19. Development of a long wavelength spectrometer for the 24-channel multispectral scanner: Instructions for installation, start-up, and adjustment

    NASA Technical Reports Server (NTRS)

    1974-01-01

    The basic information is presented, which is required for start-up and operation of two long-wavelength focal-plane and cooler assemblies, including the amplifiers and temperature control systems. The focal plane systems, referred to as the long wavelength spectrometer (LWS) were developed for direct replacement of Arrays 3 and 4 into the multispectral scanner presently being operated by the NASA Manned Spacecraft Center Facility, and Laboratory Support Branch. The equipment is comprised of two major sub-assemblies: Array 3 with three indium antimonide detector channels and Array 4 with seven mercury doped Germanium detector channels. Each array is mounted on a cryogenic cooler and includes the vacuum housings, mounting hardware (x, y, z translation and rotation stages) and detector signal conditioning, temperature control and monitoring electronics. The two arrays were designed to operate independently and do not share common equipment (viz power supplies, housings, mounts, etc.).

  20. Comparison of the information content of data from the Landsat-4 Thematic Mapper and the Multispectral Scanner

    NASA Technical Reports Server (NTRS)

    Price, J. C.

    1984-01-01

    There has been a steady increase with respect to the available capability to monitor the earth's surface from satellite platforms. Developments regarding instrumentation should now be considered in the context of the possible commercialization of space systems. The satellite data user is to select his data with many variables in mind, including cost. The present investigation provides a statistical comparison of simultaneously acquired data from the Landsat-4 Thematic Mapper (TM) and the Multispectral Scanner (MSS) for five scenes acquired over agricultural areas. Simple examination of photographic products and manipulation and display of image data suggests that the utility of the TM data will be far greater than that of the MSS. However, factors of cost and frequency of observations can also be important. The approach employed in the investigation should facilitate evaluation of future remote sensing systems.

  1. Automatic categorization of land-water cover types of the Green Swamp, Florida, using Skylab multispectral scanner (S-192) data

    NASA Technical Reports Server (NTRS)

    Coker, A. E.; Higer, A. L.; Rogers, R. H.; Shah, N. J.; Reed, L. E.; Walker, S.

    1975-01-01

    The techniques used and the results achieved in the successful application of Skylab Multispectral Scanner (EREP S-192) high-density digital tape data for the automatic categorizing and mapping of land-water cover types in the Green Swamp of Florida were summarized. Data was provided from Skylab pass number 10 on 13 June 1973. Significant results achieved included the automatic mapping of a nine-category and a three-category land-water cover map of the Green Swamp. The land-water cover map was used to make interpretations of a hydrologic condition in the Green Swamp. This type of use marks a significant breakthrough in the processing and utilization of EREP S-192 data.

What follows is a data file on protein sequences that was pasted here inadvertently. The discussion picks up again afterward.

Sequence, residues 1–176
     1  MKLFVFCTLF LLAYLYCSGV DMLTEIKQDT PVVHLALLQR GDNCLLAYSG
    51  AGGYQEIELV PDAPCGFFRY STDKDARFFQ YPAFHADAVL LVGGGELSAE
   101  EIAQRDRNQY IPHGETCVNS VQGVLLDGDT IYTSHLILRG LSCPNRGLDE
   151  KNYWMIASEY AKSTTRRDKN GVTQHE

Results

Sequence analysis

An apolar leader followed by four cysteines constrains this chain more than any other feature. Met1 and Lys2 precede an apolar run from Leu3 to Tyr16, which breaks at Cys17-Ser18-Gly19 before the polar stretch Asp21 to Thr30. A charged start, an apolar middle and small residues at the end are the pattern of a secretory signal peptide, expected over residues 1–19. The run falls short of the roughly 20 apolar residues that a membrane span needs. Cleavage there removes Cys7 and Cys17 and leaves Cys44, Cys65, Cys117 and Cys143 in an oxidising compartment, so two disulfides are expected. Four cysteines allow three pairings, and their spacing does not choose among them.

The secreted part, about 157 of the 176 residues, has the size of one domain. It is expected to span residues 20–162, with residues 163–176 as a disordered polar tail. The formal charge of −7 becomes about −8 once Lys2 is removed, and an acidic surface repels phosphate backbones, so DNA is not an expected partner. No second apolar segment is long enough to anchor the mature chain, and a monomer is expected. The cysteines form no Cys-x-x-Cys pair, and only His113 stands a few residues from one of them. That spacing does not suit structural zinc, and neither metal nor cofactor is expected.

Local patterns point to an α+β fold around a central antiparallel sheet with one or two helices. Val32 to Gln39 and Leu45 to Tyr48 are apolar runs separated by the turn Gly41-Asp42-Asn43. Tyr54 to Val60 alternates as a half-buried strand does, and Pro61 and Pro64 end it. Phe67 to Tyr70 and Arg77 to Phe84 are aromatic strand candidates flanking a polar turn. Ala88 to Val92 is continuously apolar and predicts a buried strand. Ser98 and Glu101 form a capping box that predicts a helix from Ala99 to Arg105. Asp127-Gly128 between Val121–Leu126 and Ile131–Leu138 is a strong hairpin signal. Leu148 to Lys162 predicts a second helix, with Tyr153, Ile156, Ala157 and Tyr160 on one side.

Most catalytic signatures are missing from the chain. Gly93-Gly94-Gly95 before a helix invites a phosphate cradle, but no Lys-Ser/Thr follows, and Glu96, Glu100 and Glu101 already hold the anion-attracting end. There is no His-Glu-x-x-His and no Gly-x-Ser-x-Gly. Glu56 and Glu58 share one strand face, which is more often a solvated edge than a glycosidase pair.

2. Mapping hydrothermal alteration using aircraft VNIR scanners at the Rosemont porphyry copper deposit. [Visible-Near Infrared

    NASA Technical Reports Server (NTRS)

    Sadowski, R. M.; Abrams, M. J.

    1983-01-01

    Two Visible-Near Infrared (VNIR) scanners, the NS-001 and the M2S, were flown over the Rosemont porphyry copper deposit as part of the NASA/JPL/GEOSAT test site program. This program was established to determine the feasibility and limitations of mapping hydrothermal alteration with multispectral scanners. Data from the NS-001 at 0.83 and 2.2 microns were used to identify Fe(3+) and OH enriched outcrops. These areas were then correlated with three alteration assemblages. The first correlation, hematite-epidote, was the most obvious and appeared as a strong ferric iron signature associated with hematite stained Cretaceous arkoses and andesites. The second correlation, qtz-sericite, showed a combined ferric-hydroxyl signature for a phyllicly altered quartz monzonite. The third correlation, skarn, was identified only after a review of calc-silicate mineral VNIR spectra. Altered limestones that outcrop west of the deposit have a similar ferric iron-hydroxyl signature as the quartz-sericite altered quartz monzonite. This skarn signature has been interpreted to indicate the presence of andradite, hydro-grossularite and idocrase. Data from the second scanner, M2S, was used to search for variation in ferric iron mineral type. Resulting imagery data indicated that hematite was the dominant ferric iron mineral present in the Rosemont area.